I am a very opinionated, slightly obsessed gardener with decades of experience in the retail nursery industry. A lucky resident of the "Wet Coast" of British Columbia I tread a muddy path between practicality and beauty, with my veggie patch, herb garden and fruits vying for position with the beautiful trees, shrubs and flowers that I can't resist. DON'T ask me to choose between them! I believe in environmental responsibility and common sense.
This entry was posted in Garden Advice, Pest Control and tagged , , , , . Bookmark the permalink.

18 Responses to How to Control Aphids

  1. Interesting method to disuade aphids. We’ve had an unusually warm winter this year andthe bugs are arriving in my garden to party – it’s incredible! I’ve even devoted a poem to them 🙂 I could use the water cannon method on trees not in bud, but was considering using some soapy water on my lemon and lime tree. Now I’m wondering what to do.
    I can’t remember seeing any ladybirds in my garden. Our biggest problem is mealy bug.

    • hortophile says:

      You could try the soapy water method on a small part of your citrus tree at first to see how it goes – damage will likely show within a few days. Use a well diluted pure soap product (not full of perfumes and dyes) and don’t spray when the sun is out. Good luck!

  2. barb19 says:

    Very interesting information, thank you. Will try my hose on the little buggers next time!

  3. This is very good information, I hope you don’t mind me reblogging to spread the word. (Full credit to you of course!)

  4. Reblogged this on Three Pea Homestead and commented:
    Valuable information from Hortophile. I’ve already been battling the aphids here, so you may want to go out and check your plants before they become a plague.

  5. PJ Girl says:

    Thanks for showing a picture of the Ladybug lava as I probably would have squashed him too! Phew! You saved me from killing a good guy 🙂

  6. door251 says:


    Love the blog, you def have a new follower.

    I was wondering if you knew what kind of plants are good for heavily shaded gardens? we have a tiny tiny city garden, but it is surrounded by big oak trees which i suspect are sucking the life out of everything, couple that with it not getting an ounce of sun and me being a complete novice, i’ve no idea what to plant in there, everything from last year died.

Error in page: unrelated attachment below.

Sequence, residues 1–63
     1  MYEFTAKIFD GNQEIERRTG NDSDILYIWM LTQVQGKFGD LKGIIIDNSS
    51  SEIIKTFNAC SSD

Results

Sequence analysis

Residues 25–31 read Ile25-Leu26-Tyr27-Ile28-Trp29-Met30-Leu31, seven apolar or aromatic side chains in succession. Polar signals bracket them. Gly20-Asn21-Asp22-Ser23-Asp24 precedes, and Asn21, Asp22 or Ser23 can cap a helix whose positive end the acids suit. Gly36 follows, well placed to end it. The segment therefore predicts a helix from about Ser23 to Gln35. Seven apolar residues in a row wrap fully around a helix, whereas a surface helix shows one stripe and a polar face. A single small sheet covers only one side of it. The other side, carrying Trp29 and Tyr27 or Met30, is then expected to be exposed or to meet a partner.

thanks for your help!!

    • hortophile says:

      Argh, dry shade under big trees, one of the most difficult areas to plant! If it’s tiny I would consider container gardening – that will bypass the root competition issues and then all you need are shade plants appropriate for your climate, and an unobtrusive micro-irrigation kit will help with the watering! Maybe I should do a post about gardening in dry shade – but I can’t illustrate any of that in my own yard – my shade is decidedly damp, verging on sloppy!

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  8. Bill says:

    How do I rid my weeping cherry of Aphids? They’ve attacked and eaten most of the leaves. It’s July in NE Ohio. Can I be sucessful in the heat of summer and while the tree is not dormant?

    • hortophile says:

      Hi Bill,

      If your cherry tree leaves have been eaten, then you have some other pest – aphids are a sucking insect and don’t chew up and eat the leaves. If you do have aphids, the advice I give in the post for aphids is applicable whenever you find them on your plants. Just be careful about spraying any liquid on a plant when the sun is shining on it as the magnifying effect of sunlight can cause the leaves to burn. You might have to get up really early and spray before the sun is up and shining strongly or on a cloudy day. If your leaves are chewed you will need to find and identify the pest to determine the best way to deal with it. Local nurseries are likely to be your best resource for advice. Take a sample of the leaf and an insect if you can find one, in a jar or ziplock baggie to your local independent nursery or garden centre and ask for help.

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    • hortophile says:

      Well of course… you are sorely mistaken if you think you can eradicate aphids. And from another angle, they are a valuable food source for lacewings, ladybeetles, wasps and others.

  12. Char stockwell says:

    I have a four variety grafted citrus that is in full bloom and loaded with bees so I am hesitant to power wash away the aphids. Is tobacco juice or something else an option to control them a bit until the fruit is firmly set?

    • hortophile says:

      If you spray any pesticides right now you are likely to kill those bees, better to attack the aphids manually. Put some gloves on if you’re squeamish and squish those little buggers!